The Akamas (Greek: Ακάμας) is a promontory and cape at the northwest extremity of Cyprus with an area of 230 square kilometres. Ptolemy described it as a thickly wooded headland. Divided into two by summits [a mountain range] rising towards the north. The peninsula is named after a son of Theseus. The hero of the Trojan War and founder of the city-kingdom of Soli.
The Akamas Peninsula – Uniquely unspoilt
Until the year 2000, the peninsula was used by the British Army and Royal Navy for military exercises and as a firing range. Under the 1960 Treaty of Establishment, the British Army was allowed to use the Akamas for exercises for up to 70 days a year.
At the southern end of the peninsula is the town of Pegeia. And, on its northeast side the town of Polis. Due to the mountainous nature of the peninsula, there are no roads running through its heartland. Furthermore, some roads marked on Cypriot road maps of the area are not tarmacked. Visitor attractions in Akamas include a loggerhead turtle. The Sanctuary and the Baths of Aphrodite where the goddess is said to have bathed. As the area is therefore relatively inaccessible, there is a large diversity of flora and fauna here. Indeed, the European Environment Agency noted that it was one of only 22 areas of endemism in Europe.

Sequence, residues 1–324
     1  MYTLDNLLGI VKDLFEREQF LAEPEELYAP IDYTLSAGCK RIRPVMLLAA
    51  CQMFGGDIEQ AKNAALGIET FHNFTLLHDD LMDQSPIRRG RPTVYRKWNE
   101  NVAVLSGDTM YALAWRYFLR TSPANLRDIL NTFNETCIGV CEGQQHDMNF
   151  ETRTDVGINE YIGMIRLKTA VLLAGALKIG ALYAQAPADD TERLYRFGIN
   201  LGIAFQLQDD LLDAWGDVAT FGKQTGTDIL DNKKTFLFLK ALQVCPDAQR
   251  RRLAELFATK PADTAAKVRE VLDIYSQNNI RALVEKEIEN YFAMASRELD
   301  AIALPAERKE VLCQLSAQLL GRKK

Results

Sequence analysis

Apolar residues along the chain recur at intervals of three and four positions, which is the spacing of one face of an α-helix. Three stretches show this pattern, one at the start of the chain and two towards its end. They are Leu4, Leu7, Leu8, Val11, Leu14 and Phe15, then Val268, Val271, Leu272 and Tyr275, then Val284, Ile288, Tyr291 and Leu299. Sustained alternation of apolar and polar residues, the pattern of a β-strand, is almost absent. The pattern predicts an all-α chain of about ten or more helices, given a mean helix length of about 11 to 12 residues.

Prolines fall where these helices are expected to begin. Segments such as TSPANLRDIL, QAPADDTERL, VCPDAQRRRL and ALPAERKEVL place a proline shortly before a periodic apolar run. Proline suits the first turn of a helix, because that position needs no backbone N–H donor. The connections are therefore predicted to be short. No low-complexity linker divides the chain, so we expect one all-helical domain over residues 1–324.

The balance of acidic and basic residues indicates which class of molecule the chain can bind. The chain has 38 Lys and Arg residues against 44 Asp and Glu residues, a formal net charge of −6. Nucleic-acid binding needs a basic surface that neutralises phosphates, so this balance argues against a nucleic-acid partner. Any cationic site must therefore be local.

Latchi Queen sails daily along the Akamas peninsula. Morning and afternoon and in the Summer for special event cruising. You can find out more by going to the ‘Reservations‘ page. If you have any questions, then please: email, or call. We are here to help.